David M. Hillis is the Alfred W. Roark Centennial Professor in Integrative Biology at the University of Texas at Austin, where he also has directed the Center for Computational Biology and Bioinformatics and the School of Biological Sciences. Dr. Hillis has taught courses in introductory biology, genetics, evolution, systematics, and biodiversity. He has been elected to the National Academy of Sciences and the American Academy of Arts and Sciences, awarded a John D. and Catherine T. MacArthur Fellowship, and has served as President of the Society for the Study of Evolution and of the Society of Systematic Biologists. He served on the National Research Council committee that wrote the report BIO 2010: Transforming Undergraduate Biology Education for Research Biologists, and currently serves on the Executive Committee of the National Academies Scientific Teaching Alliance. His research interests span much of evolutionary biology, including experimental studies of evolving viruses, empirical studies of natural molecular evolution, applications of phylogenetics, analyses of biodiversity, and evolutionary modeling. He is particularly interested in teaching and research about the practical applications of evolutionary biology.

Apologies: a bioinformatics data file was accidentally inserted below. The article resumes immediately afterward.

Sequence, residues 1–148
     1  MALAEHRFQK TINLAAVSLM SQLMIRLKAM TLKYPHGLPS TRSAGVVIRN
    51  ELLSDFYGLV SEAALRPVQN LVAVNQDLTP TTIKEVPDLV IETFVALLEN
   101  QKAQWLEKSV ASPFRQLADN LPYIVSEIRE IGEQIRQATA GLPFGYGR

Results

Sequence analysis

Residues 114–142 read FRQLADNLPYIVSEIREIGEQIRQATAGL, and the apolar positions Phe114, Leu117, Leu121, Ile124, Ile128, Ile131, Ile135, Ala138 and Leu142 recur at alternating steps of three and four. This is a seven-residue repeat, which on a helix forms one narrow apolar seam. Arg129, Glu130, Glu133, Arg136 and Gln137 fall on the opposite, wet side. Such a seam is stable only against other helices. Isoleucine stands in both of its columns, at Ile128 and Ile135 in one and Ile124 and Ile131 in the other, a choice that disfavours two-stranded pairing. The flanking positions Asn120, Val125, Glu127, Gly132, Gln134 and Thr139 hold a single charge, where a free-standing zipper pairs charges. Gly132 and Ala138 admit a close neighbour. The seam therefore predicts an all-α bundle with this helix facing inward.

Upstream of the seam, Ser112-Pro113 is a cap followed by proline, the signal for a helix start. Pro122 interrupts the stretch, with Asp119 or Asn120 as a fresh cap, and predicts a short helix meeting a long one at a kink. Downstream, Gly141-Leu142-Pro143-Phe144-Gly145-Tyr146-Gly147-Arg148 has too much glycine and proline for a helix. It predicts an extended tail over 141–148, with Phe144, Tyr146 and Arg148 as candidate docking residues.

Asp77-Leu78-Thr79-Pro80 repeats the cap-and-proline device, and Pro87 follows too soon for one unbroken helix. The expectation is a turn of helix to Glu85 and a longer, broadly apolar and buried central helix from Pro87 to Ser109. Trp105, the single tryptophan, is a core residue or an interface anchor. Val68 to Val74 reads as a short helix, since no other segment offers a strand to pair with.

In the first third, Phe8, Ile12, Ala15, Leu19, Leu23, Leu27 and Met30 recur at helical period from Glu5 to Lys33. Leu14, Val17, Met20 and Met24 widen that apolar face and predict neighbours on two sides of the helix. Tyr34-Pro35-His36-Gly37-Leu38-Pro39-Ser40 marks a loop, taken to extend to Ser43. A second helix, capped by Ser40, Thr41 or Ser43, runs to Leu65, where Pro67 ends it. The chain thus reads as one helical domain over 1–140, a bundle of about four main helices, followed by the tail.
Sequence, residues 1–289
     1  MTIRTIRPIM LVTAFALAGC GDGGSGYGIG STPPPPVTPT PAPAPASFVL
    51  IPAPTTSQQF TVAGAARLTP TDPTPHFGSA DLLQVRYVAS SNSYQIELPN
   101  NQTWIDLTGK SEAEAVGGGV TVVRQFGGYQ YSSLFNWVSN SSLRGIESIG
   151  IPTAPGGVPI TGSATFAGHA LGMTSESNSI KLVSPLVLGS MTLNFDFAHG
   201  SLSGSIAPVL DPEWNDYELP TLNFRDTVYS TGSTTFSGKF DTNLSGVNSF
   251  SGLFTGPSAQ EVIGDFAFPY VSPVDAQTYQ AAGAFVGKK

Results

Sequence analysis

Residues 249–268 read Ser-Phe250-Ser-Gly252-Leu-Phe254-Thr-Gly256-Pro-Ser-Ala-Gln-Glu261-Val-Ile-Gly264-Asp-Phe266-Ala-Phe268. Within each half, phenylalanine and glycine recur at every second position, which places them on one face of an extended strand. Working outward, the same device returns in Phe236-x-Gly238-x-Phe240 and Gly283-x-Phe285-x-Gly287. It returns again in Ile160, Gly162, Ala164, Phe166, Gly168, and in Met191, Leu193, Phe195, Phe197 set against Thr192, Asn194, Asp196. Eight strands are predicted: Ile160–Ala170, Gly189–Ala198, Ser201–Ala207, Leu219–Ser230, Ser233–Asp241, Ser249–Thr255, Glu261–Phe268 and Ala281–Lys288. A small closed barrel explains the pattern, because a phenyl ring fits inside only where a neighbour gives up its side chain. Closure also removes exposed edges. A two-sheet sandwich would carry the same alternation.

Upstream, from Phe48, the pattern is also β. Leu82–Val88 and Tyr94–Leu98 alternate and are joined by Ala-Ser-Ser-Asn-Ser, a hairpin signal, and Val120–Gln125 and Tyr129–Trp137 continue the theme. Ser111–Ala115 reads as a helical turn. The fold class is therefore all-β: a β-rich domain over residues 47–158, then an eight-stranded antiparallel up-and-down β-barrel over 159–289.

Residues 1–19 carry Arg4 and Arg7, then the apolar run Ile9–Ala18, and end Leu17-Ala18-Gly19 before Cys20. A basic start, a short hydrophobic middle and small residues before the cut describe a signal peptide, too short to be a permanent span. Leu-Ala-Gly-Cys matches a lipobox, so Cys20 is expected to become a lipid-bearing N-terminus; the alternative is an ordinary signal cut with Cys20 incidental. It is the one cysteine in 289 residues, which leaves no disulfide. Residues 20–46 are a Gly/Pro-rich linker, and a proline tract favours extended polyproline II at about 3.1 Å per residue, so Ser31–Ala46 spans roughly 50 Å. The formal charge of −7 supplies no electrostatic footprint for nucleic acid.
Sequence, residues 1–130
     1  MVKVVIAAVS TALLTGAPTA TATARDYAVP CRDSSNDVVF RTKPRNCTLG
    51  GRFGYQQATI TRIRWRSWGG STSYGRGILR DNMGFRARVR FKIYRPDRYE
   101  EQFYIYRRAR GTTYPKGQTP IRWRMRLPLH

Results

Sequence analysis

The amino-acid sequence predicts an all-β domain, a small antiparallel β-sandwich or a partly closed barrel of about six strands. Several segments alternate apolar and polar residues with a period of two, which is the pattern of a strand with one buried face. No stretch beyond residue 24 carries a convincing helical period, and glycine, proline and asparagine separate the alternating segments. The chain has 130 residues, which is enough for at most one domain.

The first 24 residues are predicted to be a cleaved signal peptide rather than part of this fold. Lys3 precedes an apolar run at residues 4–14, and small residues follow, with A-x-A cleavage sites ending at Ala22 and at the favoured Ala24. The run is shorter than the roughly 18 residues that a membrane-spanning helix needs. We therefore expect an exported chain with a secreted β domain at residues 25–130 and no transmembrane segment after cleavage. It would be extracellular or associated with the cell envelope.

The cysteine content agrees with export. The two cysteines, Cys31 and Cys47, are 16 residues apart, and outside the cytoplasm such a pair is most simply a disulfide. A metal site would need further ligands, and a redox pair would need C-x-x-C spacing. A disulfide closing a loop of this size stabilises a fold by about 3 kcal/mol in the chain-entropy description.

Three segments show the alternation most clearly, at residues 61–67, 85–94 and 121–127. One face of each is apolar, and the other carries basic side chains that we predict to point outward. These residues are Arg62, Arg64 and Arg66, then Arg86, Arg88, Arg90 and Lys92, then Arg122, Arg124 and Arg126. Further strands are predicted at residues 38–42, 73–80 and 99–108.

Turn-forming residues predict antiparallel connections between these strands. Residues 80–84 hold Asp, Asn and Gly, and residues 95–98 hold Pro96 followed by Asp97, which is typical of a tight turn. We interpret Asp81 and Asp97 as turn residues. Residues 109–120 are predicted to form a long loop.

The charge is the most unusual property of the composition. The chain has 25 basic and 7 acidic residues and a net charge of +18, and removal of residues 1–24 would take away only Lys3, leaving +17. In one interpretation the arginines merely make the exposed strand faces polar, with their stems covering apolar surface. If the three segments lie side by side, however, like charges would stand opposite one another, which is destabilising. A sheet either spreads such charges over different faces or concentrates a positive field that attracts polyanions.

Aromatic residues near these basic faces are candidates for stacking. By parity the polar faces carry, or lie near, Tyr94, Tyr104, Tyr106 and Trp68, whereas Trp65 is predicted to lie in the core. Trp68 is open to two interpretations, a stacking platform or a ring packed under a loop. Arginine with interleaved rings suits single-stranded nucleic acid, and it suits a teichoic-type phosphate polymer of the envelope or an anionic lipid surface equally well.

H. Craig Heller is the Lorry I. Lokey/Business Wire Professor in Biological Sciences and Human Biology at Stanford University. He has taught in the core biology courses at Stanford since 1972 and served as Director of the Program in Human Biology, Chairman of the Biolo-gical Sciences Department, and Associate Dean of Research. Dr. Heller is a fellow of the American Association for the Advancement of Science and a recipient of the Walter J. Gores Award for excellence in teaching and the Kenneth Cuthberson Award for Exceptional Service to Stanford University. His research is on the neurobiology of sleep and circadian rhythms, mammalian hibernation, the regulation of body temperature, the physiology of human performance, and the neurobiology of learning. He has done research on a huge variety of animals and physiolo-gical problems, including from sleeping kangaroo rats, diving seals, hibernating bears, photo-periodic hamsters, and exercising athletes. Dr. Heller has extended his enthusiasm for promoting active learning via the development of a two-year curriculum in human biology for the middle grades, through the production of Virtual Labs—interactive computer-based modules to teach physiology.